Naming conventions are important in a database and in application development in general. Having clear, concise names for tables, procedures, etc., is important for many reasons. It makes searching for the relevant procedure/table easier. It is more intuitive for someone learning the system. It helps keep your database from becoming an unmaintainable mess.
For example, let’s consider the Stored Procedure mentioned in a previous post that takes the source code file name and the tab name as inputs and inserts the necessary records to generate a new tab on the MyBPS website. Here are some potential names:
The fourth one is somewhat of a joke, although undoubtedly there are some developers out there who use naming conventions like this just for kicks. While it might seem funny at the time, it won’t help the next person in tracking down the procedure.
As for the more legitimate options,
AddTab is accurate in terms of the end result, but it misses a major component of what the procedure does – using the source code file as the starting point. As for the other two options, I consider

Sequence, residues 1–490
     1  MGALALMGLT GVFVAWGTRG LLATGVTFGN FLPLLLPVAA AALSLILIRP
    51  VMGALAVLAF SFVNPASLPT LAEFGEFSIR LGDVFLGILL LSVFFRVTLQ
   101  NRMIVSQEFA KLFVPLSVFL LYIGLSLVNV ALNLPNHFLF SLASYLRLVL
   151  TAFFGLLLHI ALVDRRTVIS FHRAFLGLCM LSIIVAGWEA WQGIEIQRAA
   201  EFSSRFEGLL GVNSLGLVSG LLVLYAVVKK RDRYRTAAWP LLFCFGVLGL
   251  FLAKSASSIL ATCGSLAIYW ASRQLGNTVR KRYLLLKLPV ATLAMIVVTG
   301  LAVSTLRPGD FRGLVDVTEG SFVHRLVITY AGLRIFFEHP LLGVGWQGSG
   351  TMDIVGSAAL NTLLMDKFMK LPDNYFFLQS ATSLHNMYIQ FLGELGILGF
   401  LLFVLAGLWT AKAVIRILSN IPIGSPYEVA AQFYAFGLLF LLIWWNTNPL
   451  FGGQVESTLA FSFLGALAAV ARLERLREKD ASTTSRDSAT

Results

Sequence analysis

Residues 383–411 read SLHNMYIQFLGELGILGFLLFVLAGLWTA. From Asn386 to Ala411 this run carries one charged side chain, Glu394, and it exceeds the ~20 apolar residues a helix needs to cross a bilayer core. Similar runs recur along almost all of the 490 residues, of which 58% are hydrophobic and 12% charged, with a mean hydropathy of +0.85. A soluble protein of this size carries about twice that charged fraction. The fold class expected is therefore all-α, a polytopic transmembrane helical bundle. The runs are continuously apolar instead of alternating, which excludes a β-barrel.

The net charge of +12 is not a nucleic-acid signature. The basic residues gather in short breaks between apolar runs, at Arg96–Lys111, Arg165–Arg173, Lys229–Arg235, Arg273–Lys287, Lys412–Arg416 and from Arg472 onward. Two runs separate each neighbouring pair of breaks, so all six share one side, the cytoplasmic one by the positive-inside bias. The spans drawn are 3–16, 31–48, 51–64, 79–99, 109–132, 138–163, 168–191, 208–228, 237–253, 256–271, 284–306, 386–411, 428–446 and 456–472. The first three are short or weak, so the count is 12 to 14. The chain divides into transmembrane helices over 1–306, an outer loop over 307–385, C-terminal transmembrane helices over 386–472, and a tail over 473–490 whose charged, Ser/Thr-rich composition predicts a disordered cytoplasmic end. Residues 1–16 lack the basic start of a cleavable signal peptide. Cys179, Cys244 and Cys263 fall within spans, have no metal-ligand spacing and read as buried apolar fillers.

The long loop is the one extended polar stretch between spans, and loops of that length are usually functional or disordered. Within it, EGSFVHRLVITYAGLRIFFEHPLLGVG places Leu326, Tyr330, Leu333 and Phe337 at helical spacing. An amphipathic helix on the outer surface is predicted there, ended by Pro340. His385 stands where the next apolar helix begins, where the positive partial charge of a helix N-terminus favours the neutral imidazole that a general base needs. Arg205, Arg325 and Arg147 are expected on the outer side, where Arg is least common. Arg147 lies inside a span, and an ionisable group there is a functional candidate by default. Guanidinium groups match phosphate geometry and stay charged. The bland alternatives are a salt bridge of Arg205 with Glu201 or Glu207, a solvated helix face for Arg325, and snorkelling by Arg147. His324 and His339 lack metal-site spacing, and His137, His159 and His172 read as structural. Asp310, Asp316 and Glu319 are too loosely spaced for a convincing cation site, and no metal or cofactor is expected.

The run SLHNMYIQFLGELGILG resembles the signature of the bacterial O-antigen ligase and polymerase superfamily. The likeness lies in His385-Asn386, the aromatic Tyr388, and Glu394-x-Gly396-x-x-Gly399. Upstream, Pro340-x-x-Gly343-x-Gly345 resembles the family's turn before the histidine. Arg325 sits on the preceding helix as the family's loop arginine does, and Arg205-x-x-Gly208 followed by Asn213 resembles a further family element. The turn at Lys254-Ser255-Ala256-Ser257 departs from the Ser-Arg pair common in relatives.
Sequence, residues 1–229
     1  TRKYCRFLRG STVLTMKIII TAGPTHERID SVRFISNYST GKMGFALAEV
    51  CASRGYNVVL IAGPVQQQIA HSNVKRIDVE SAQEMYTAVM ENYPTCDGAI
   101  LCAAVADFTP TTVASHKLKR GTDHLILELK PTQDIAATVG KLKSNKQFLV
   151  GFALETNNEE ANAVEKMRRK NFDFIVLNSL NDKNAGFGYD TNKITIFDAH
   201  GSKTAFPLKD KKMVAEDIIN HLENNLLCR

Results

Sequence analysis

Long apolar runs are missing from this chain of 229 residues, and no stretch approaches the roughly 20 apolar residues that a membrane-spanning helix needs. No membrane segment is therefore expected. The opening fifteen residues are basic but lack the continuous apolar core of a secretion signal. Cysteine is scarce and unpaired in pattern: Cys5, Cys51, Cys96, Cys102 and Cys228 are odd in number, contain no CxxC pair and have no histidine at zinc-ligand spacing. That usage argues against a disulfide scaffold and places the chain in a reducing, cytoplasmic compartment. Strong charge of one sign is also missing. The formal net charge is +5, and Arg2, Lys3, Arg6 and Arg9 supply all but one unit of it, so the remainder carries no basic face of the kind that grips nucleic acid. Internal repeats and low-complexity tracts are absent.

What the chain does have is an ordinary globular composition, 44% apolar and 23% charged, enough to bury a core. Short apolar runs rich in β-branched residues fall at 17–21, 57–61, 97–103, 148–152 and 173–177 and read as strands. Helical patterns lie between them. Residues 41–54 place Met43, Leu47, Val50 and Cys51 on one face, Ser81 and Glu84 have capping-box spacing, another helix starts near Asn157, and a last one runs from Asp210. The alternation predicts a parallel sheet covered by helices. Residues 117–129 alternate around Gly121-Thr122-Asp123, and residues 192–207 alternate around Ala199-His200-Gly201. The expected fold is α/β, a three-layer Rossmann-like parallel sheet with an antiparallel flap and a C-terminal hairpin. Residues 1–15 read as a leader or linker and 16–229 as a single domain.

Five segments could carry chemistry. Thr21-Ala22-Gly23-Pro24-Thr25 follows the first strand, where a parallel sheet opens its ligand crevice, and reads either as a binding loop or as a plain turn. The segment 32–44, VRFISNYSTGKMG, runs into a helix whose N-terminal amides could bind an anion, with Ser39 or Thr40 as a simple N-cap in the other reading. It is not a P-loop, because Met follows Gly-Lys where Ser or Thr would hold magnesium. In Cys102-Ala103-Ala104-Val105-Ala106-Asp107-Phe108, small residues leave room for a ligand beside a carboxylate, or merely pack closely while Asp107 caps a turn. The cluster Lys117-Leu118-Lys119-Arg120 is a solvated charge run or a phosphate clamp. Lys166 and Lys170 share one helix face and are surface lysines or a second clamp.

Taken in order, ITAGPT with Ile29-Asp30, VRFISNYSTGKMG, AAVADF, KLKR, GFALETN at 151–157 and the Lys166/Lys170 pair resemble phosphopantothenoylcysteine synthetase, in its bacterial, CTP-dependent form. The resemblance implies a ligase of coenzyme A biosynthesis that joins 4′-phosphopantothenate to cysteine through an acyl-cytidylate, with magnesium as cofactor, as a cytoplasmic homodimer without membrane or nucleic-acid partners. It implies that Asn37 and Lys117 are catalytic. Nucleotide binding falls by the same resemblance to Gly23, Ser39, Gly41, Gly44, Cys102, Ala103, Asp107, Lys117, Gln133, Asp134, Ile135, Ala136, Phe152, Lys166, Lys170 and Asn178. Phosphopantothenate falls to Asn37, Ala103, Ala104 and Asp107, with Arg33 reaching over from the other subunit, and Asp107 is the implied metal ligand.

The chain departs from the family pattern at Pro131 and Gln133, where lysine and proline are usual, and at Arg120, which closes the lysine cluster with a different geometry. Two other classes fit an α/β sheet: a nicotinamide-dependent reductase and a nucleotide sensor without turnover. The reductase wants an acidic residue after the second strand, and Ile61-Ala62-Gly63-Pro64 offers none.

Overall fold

CreateTabBasedOnSourceFile to be the preferred name – ‘Create’ is one of the standard CRUD operations and is a more standard term than ‘Setup’ in database terminology.
In general, the goal is self-documenting names. When I see the name
CreateTabBasedOnSourceFile, I don’t have to guess what’s going to happen when I run the procedure. If I didn’t know what procedure accomplished this task, it wouldn’t take me long to find it. From a naming convention standpoint, being somewhat verbose is better than being too terse.
Also, consistency in naming is highly important. Even if self-documenting names are used, if different procedures are named with different essentially equivalent words ['Create', 'Setup', 'Generate', 'Insert', 'Make', 'Produce', etc.], the database will simply become less maintainable.
At Boston Public Schools, our main school table suffers from being poorly named – it has an embedded year in the table name. It is likely this was done with the intention that a new version of the table would be created each school year. The problem is that so many systems began to depend on this table name that it has remained unchanged for over a decade now. This might not be a problem except for the fact that new members of the development group [not privy to this table] would probably mistake it for a historical backup.
If poor naming conventions are frequent, it can lead to a mess when trying to track down a certain procedure/table or expand on the system. So the solution is: before running that Create Table or Create Procedure script, check the name to ensure it makes sense, is self-documenting, and is consistent with other names in the database.